Gothic is felt before it is understood…
I took a year 7 class studying gothic; they’d had a few lessons with another teacher and I learned that no-one had told them what gothic was. Their definition of gothic was predictable and understandable: dark, gloomy, monsters and horror, so I gave them two words: decay and confinement and drew out what they thought these meant. We talked about decay of place, spirit, mind, family, character. I didn’t mention graveyards and blood-sucking vampires, or dungeon walls dripping with the dank sweat of an ancient castle.
I didn’t mention adverbs. I’m sorry.
I put on the board a hypothesis (not a learning objective): can we understand what gothic is from by looking at a couple of sequences from Dracula? Can we get a feeling of what it is? Does gothic communicate its being-ness through its content?
I showed them Todd Browning’s 1931 Dracula – the sequence when Renfield (the Jonathan Harker figure) goes to Dracula’s castle. The journey through the Carpathians along winding mountainous roads that clung perilously to the sides of infinitely deep gorges; the cavernous castle, its sublime vaults dwarfing the minute character of Renfield as he makes his way unwittingly into the lair of the vampire. The subtleties of Lugosi’s Dracula (he’s like the Count in Hotel Transylvania, they said) – the way he disappears through the cobwebs, the hesitations in his delivery.
So what is gothic, I asked them? They talked of how, despite the huge emptiness of the castle, Renfield seemed confined: the vaulted archways, the spider’s webs, the shadows all combining to entrap him in the open spaces. The darkness, the chiaroscuro lighting (they didn’t say this – they talked about the shifting shades of darkness and light). It’s about deception, about what lies beneath the veneer of life.
Then we watched Coppola’s Dracula: the scene when Harker first meets Dracula. They talked about shadows, the crumbling body of Oldman’s Count, the decaying mind as he turns from benevolent host to psychotic warrior (“it ish no laughing MATTER”). Of course, they initially laughed at the baroque exuberance of the costume and Oldman’s hair-do, but they also understood the sense of peril communicated through the disembodied shadows, the allegiance to a long-dead lineage.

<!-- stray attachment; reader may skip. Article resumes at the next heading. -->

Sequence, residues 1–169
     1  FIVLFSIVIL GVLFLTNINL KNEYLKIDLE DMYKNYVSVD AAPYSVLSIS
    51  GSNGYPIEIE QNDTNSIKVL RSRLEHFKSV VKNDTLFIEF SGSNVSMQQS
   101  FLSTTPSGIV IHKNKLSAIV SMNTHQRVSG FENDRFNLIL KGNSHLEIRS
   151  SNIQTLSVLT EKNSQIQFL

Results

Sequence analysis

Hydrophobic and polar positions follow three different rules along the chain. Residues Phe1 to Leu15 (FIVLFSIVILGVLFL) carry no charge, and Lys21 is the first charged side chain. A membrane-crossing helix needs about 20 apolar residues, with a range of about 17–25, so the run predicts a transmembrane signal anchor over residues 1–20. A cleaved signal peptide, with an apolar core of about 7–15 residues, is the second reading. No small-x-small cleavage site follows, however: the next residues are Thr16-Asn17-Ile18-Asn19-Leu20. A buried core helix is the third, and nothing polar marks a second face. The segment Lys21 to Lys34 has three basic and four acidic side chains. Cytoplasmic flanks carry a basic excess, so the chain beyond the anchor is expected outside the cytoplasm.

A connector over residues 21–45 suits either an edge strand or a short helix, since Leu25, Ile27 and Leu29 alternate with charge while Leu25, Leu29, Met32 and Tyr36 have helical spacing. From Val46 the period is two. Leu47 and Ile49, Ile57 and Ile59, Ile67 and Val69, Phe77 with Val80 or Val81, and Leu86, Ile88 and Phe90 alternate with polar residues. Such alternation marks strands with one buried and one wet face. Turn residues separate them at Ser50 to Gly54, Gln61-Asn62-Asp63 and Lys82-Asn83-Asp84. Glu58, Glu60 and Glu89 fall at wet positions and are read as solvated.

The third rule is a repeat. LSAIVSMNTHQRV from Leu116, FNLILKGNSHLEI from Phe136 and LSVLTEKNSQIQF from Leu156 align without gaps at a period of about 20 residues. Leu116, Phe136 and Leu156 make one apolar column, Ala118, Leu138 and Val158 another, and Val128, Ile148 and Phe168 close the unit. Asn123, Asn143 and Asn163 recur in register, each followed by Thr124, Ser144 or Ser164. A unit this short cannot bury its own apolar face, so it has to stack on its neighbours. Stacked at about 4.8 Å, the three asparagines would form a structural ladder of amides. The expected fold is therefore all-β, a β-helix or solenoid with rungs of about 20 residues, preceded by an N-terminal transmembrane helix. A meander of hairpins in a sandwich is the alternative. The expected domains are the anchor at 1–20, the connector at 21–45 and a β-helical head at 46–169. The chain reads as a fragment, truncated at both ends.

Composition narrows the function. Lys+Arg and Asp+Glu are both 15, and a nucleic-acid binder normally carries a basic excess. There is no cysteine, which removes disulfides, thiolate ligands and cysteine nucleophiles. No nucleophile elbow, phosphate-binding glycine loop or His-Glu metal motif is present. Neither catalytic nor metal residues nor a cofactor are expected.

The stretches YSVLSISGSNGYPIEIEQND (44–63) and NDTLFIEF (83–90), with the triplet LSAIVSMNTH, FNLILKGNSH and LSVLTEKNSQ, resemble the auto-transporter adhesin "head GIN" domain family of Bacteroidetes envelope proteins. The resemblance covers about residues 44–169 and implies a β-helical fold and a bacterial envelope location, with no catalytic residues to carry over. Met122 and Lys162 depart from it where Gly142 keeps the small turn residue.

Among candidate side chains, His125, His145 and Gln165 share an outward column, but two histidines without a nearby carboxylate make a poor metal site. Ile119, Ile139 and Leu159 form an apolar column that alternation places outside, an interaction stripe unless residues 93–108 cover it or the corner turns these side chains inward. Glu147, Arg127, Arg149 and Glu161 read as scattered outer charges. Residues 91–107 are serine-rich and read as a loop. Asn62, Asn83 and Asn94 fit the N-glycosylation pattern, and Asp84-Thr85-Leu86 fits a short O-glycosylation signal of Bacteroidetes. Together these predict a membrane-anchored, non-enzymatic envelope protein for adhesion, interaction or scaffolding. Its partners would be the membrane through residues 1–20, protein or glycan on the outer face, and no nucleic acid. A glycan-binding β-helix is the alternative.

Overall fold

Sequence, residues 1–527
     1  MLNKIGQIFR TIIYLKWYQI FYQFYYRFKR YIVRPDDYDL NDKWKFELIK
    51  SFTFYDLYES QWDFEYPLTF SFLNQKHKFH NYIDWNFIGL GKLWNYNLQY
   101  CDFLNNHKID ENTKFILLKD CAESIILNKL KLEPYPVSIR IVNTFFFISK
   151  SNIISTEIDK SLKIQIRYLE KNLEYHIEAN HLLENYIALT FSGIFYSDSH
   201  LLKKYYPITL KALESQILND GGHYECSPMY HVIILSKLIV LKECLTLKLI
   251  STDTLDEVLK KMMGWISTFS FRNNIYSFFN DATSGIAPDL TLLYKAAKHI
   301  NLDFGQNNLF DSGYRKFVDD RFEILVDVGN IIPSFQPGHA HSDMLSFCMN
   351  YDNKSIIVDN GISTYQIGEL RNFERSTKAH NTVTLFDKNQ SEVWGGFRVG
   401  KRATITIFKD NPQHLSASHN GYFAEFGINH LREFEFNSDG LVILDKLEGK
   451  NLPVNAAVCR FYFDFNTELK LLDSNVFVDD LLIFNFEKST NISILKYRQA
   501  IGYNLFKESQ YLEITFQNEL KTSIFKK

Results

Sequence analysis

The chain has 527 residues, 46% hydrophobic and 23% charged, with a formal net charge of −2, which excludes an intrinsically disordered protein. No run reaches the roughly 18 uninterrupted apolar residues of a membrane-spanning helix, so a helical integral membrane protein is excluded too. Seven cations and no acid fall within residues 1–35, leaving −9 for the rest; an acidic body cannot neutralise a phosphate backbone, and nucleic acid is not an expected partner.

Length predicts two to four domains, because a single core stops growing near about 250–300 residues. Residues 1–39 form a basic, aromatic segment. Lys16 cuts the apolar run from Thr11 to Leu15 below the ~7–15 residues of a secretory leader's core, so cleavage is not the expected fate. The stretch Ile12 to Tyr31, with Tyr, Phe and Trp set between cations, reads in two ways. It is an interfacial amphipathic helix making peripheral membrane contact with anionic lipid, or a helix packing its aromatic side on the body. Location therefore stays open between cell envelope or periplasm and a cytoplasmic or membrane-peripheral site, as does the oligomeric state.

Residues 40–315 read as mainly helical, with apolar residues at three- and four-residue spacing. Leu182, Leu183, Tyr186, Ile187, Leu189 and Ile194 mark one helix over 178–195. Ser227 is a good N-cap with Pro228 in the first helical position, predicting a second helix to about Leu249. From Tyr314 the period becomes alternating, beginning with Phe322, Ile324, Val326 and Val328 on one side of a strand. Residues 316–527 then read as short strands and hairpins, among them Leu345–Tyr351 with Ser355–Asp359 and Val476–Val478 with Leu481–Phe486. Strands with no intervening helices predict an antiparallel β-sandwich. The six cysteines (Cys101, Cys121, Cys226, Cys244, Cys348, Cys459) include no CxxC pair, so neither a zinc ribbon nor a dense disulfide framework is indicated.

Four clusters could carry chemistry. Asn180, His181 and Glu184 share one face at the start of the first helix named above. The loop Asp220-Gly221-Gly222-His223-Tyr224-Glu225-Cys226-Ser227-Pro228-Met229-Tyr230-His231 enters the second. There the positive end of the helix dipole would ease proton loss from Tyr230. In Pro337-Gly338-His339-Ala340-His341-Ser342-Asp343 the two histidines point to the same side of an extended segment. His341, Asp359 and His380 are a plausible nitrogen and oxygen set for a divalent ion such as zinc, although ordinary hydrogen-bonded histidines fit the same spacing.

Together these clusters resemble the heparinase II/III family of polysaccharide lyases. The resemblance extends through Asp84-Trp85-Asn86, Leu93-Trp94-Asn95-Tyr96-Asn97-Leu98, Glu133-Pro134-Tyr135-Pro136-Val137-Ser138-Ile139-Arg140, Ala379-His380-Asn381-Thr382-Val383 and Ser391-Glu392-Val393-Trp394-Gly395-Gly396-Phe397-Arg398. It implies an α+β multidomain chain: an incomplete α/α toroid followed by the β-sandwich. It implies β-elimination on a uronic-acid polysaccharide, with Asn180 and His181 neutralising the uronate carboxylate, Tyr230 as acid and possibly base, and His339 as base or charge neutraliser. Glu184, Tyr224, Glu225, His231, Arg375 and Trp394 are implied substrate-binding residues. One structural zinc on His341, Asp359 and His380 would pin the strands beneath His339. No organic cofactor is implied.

We put some more words on the board:
I wanted to do some writing. This wasn’t in the original plan – I meant them to do a little comparison but we’d got some momentum, a mood, and I wanted to capture it. I put a starter sentence on the board, and asked them to write their own gothic story set in the modern world. What happens if the castle is a house on our street? If the vampire is some creepy guy who won’t come out? (These are the students who in a couple of years time I would introduce to To Kill a Mockingbird, then they’ll understand southern Gothic!)
As always, I have a go at writing with them. I write WITH them, making my mistakes, redrafting, layering …
Here are some of their attempts – written in 15 minutes. (Next week we’re going to polish them)
Louis decided he wanted to tell the story from the killer’s perspective; I didn’t expect this, but look at his use of words – ‘engulfed in this gloom this darkness” and that short sentence at the end “In not out”.
And the one above was Louis’ redraft using the layered writing technique (see this blog here). I like the simile he added and notice he also adds in some accurate semi-colons.
Above – first draft; below second. Again, layered writing technique.
Above: I love the house lurking at the end of the road AND “lurking around in my mind”. This is straight from Poe – a sort of objective correlative – and what about ‘a silence that could turn a man deaf’? Brilliant!
This one does the ‘gothic thingy’ a bit too much but is still effective.
We ended the lesson with a chant: “gothic is a feeling, an atmosphere, a mood” – seriously, they repeated it after me and loved it.
I didn’t mention adjectives and metaphors, similes and anadiplosis. I didn’t want to. Maybe I should do next time; maybe.